I've looked in four shops since I started reading Herbert, trying to find the usual Oxford or Cambridge standard editions, but no luck.  This was for me, mind.  All I have is the little Pocket Poets edition.  All well and good, but I want more, and with more supporting material.  I also now rather desperately crave  Herbert's aphorisms, of which I only recently learned, Jacula Prudentum et al.  That may just be impossible for now.  I was shocked to not find find but one rather iffy collection of poems and prose available for reprint on the EBM.  I thought for sure that would be a simple thing.  Maybe not.  We'll see.

And then there was Walton & Johnson, and I own those already.  That's just embarrassing.

When there's a book I intend to recommend to a customer and I don't find that book on the shelf, I move fairly smoothly I hope to another, and or another until I find one I can sell.  Doesn't work when I'm trying to make actual converts.

This of course brings up the old debate about bookstores and backlist and how much we must stock of the best books even if nobody buys them, but sadly that debate would now seem to be over and my side lost.  There's just no economic sense to be made from keeping all The Greats ready and waiting.  Come to that, I actually prefer used hardcovers myself, but that's a waiting game at best and clearly not something on which one may count.

What this reminds me of is simpler and sadder than all that shop talk from ten years ago.  Even if one wants to take on a poet like George Herbert, what is one to do nowadays?  Be satisfied with what there might be on  Oh, the poems are there, right enough, I should say, but a book would still be a better way at them; negotiating even the friendliest website still seems a cumbersome business compared to just opening a book.  And then there are issues with the organization of things online, and the arrangement of poems, like some of Herbert's most famous, that were meant to look a certain way on the page, etc.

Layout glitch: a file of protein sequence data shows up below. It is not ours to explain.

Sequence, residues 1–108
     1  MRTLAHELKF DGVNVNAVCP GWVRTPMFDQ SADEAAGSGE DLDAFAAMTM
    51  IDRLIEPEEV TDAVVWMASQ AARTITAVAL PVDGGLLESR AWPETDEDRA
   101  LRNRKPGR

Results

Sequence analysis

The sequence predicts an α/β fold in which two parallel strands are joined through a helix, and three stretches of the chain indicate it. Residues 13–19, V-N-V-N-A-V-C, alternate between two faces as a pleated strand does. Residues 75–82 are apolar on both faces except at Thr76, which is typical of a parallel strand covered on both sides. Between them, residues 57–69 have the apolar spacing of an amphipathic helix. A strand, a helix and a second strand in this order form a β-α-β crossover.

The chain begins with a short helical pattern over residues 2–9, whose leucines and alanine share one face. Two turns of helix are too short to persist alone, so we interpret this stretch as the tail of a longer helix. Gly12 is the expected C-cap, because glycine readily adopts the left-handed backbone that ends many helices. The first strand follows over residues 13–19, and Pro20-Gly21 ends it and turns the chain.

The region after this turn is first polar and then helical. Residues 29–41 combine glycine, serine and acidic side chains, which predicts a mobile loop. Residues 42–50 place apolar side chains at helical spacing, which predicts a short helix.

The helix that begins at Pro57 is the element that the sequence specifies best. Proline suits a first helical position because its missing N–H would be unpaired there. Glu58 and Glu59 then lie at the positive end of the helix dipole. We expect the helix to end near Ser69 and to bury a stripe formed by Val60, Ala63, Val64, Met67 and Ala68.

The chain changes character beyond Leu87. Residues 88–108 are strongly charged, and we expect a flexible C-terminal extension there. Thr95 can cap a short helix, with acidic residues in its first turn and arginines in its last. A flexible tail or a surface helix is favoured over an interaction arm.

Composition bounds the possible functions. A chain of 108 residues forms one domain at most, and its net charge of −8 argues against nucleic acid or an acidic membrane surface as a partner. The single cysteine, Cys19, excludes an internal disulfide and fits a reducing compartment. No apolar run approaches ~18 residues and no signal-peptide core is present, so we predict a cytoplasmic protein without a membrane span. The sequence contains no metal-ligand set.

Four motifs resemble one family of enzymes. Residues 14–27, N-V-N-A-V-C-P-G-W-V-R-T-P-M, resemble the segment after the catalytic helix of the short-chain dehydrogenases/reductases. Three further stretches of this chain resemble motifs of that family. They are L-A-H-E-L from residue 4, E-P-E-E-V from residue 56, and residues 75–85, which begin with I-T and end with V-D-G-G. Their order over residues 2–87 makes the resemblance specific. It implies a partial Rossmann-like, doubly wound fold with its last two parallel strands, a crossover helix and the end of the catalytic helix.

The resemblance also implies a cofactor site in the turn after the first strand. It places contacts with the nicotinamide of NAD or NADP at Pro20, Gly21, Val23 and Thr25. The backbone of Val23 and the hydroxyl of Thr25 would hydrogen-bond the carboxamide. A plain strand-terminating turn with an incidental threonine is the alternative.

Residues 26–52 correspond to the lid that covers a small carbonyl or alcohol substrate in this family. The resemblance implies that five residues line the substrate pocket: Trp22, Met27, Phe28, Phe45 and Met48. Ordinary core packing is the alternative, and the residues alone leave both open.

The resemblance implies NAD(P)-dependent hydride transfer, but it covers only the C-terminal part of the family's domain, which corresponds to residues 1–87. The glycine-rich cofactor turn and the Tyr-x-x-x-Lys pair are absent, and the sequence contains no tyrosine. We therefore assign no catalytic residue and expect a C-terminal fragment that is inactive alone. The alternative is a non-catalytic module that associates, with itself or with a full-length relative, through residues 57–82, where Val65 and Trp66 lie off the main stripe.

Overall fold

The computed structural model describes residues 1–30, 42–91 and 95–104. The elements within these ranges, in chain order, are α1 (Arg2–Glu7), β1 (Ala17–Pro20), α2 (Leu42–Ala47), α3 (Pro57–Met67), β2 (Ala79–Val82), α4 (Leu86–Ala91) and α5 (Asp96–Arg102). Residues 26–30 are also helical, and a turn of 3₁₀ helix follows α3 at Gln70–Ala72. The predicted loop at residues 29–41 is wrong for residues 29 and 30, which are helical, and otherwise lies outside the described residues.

How do we, most of us, meet great literature?  I would hazard that it's still usually as students, in textbooks, or what's almost worse, in those cement block surveys from Norton.  (Who ever picked up a three pound paperback printed on Bible-thin paper to read poetry for pleasure?)  Who isn't intimidated by literature packaged as materials for review and with test questions helpfully included at the end?  Pah!  All well and good I guess for a classroom, but I don't like poetry intended for classrooms or what classrooms so often make of poetry.

So then what to do, in our enthusiasm when, between friends, we want to read a poet together?  I worry that the impulse will fade before the right books have been found.  I worry that even should I bring a little light into some relatively dark corner, my candle won't last.  (I'm a bit of a fair weather friend to most poets, I fear.)  Well, devil take modern times, for all the convenience of them!

I can't in good conscience blame the Interwebs or bookstores for the books I can't find today, or for the books I lost in my own house, obviously.  Actually, access to literature old and new has probably never been easier than it is as of right this minute.  If I cannot quite get at everything ever written just when I want it, well that doesn't mean things aren't better than they ever were.  I get it.

Still, I can't help but fuss.  I've adopted the modern impatience: I want what I want when I want it and I want it NOW!

Herbert would neither understand nor approve I'm sure.  Let him be a lesson to me.  I'm sure my friend will understand.  I just hope, by the time she gets the package I sent, that she even remembers our conversation, though I'm sure she will.

Hope I find those damned missing books.  Hope I can read fast enough to have read at least most the books that may eventually kill me, for that matter.

"Hope is the poor man's bread."-- that's also from that book of aphorisms I can't bloody find anywhere, by the way.